Jennifer Merryman – Small Batch Cookery

The Final Product: Small Batch

Like peanut butter is to jelly,
Like meatballs are to spaghetti,
Like French fries are to a cheeseburger,
I am to your kitchen.

Meet Jennifer (Jen) Merryman, writer of that poem, owner of Small Batch Cookery, holder of degrees in print making, French, and applied culinary science, and former intern to Thomas Keller the chef and restaurateur of Per Se and The French Laundry.

Picture a bubbly, charming woman who is so incredibly passionate about creating food – food that is art.  Picture mouth-watering, simply designed wedding cakes.  Or beautiful, bite-sized cupcakes.  How about just your mother’s cooking?

That gives you an idea about Small Batch, so named because Jen loves the aspect of tradition that separates Small Batch bourbon from every other bourbon.  That’s what Small Batch Cookery is to her – a continuation of the restaurant / baking tradition that started with her grandparents, continued to her parents, and now rests with her.

“I love something effortless. It tastes good, and you don’t necessarily put a lot of work into it, but it has a lot of heart.  That ambiance that is what Small Batch is about, creating something lovely.  I want people to remember what they taste and what they experience through Small Batch,” Jen told me.

The Ingredients for Small Batch

Jen’s background certainly primed her to open her own Cookery.  “All of my great memories have to do with food.  In fact one of my earliest memories is of my mother decorating a wedding cake at our kitchen table.”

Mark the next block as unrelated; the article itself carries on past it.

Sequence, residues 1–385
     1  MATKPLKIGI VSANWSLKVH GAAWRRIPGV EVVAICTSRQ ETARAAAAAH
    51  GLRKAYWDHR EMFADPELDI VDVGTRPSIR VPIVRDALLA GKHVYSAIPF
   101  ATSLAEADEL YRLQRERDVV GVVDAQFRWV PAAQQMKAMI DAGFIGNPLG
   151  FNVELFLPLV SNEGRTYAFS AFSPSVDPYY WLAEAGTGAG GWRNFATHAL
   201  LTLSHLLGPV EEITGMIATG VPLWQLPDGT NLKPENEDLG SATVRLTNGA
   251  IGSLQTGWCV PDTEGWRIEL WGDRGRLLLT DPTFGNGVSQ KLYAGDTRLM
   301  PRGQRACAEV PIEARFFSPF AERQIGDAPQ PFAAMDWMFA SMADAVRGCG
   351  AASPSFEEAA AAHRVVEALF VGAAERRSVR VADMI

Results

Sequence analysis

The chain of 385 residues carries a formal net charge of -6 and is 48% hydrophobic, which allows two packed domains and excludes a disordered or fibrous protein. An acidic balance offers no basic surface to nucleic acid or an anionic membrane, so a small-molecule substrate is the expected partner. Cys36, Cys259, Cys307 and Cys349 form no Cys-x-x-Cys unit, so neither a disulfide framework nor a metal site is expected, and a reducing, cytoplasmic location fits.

The passion for food continued as Jen worked in restaurants to get herself through college.  When she graduated, she wanted to combine her love of art and food by becoming a food photographer.  But after considering it, she realized that she loves being in the kitchen and she loves creating things, so being behind the lens wouldn’t do it for her.

Culinary school was the answer.  “That’s how pastry came into the mix.  It’s like sculpture, but it’s edible.  I also have a minor in art history and so every painting I’ve ever loved, every sculpture I’ve loved has had to do with food.”

I had to grin at Jen’s enthusiasm when she told me, “That’s the amazing thing about a pastry… it looks beautiful, it smells beautiful… and then you can EAT it!”

Enrolling at Johnson & Wales in Charlotte, North Carolina was an easy decision.  But, as Jen put it, the cherry on the top would be landing an internship at the end of the program.  So on her first day of culinary school, Jen crafted a handwritten letter to her ten favorite chefs.

It may sound familiar:

“Like peanut butter is to jelly,
Like meatballs are to spaghetti,
Like French fries are to a cheeseburger,